CASL student Jennifer Zavalnitskaya looks at penguin behavior as Detroit Zoo intern
The biology and environmental science major studied them in the zoo’s new Polk Penguin Conservation Center, the largest facility for penguins in the world.
Thor shares a look with a young boy holding a stuffed animal. Kong swims in his expansive pool. Sassy relaxes in a nest that’s not hers.
And—sitting in the Detroit Zoo’s Polk Penguin Conservation Center, the largest facility for penguins in the world—senior Jennifer Zavalnitskaya records their actions.
“They have colored bands on their flippers so that you know who is who,” says Zavalnitskaya, who is majoring in biology and environmental science. “But you get to know them without looking at their bands after a little while because of their personalities.”
Serving as a research volunteer to study penguin behavior in their new habitat—it opened in 2016—she watched and noted their activities to help the zoo understand the welfare impacts of the new space. She started at the zoo in November 2016.
“The data is still being analyzed, but the penguins are swimming much more than they did in their former exhibit space. And in the Penguinarium, the four species of penguins spent less time together; here, they intermix more,” Zavalnitskaya said of the center, which received the 2017 Exhibit Award from the Association of Zoos and Aquariums. “I’d say those are all signs they enjoy the new habitat.”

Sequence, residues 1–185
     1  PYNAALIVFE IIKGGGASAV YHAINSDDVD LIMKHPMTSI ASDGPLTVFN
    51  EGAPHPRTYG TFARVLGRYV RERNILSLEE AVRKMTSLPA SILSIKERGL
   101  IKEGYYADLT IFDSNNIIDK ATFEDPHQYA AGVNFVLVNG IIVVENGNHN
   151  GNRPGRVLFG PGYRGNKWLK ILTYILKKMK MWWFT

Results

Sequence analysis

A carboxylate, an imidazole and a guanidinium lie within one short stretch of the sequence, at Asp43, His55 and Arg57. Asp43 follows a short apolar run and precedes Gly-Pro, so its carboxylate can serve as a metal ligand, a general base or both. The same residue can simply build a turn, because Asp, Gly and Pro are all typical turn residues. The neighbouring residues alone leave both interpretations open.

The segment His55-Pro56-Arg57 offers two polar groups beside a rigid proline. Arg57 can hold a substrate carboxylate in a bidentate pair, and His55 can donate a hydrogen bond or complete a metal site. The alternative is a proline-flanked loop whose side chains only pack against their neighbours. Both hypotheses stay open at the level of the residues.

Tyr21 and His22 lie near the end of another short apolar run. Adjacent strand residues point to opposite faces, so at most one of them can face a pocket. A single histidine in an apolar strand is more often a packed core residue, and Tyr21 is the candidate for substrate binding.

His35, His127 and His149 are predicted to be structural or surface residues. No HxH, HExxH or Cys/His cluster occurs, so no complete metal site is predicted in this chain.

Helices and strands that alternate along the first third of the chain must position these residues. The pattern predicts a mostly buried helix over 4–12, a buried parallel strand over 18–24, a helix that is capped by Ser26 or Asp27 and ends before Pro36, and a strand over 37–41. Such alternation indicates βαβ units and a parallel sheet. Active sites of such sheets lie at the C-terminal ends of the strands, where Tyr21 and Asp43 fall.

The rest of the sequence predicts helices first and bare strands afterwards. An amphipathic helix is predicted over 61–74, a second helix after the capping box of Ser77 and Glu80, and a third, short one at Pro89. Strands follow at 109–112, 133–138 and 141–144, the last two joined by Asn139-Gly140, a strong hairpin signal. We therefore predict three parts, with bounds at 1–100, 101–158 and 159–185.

Zavalnitskaya, who began visiting the Detroit Zoo as a child, said she didn’t realize students could conduct research there until she attended a Detroit Zoo field trip for Associate Professor Anne Danielson-Francois’ Behavioral Biology course.
“It was shared that research internships were available,” she said. “My first response was, ‘There’s a job where people observe cute animals to engage them and give them the best habitat possible? Sign me up.’”
Not only did Zavalnitskaya get to assist with research for the zoo, she was allowed to do her own study as well.
“Jen has been a great member of our penguin observation team,” said Matthew Heintz, research associate for the Center for Zoo Animal Welfare, Detroit Zoological Society. “Beyond data collection, she has always been eager to discuss recent observations and results, and took the initiative to do a small research study to help us better understand penguin swimming behavior.”
While watching scuba divers clean the 326,000-gallon tank—a group goes in multiple times a week—Zavalnitskaya noticed a small change in penguin behavior. So she asked to explore it further.
“I wanted to see if the divers’ presence really did affect them. For some penguins it did, and for others it didn’t. Just like us, some penguins are more social than others. There was a difference, but it may have been personality related.”
Zavalnitskaya said she’s done collecting research for the penguin project, but the zoo invited her to continue to study animal behavior at the newly expanded Edward Mardigian Sr. River Otter Habitat. And she’s accepted.
She said her courses, along with Detroit Zoo training, has given her confidence in her abilities and shown her that she’s found the right path.
“I’ve always been an advocate of taking care of the Earth and I really enjoy learning about animals and helping give them a voice,” she said. “You can build a life, a career, around giving them a better life.”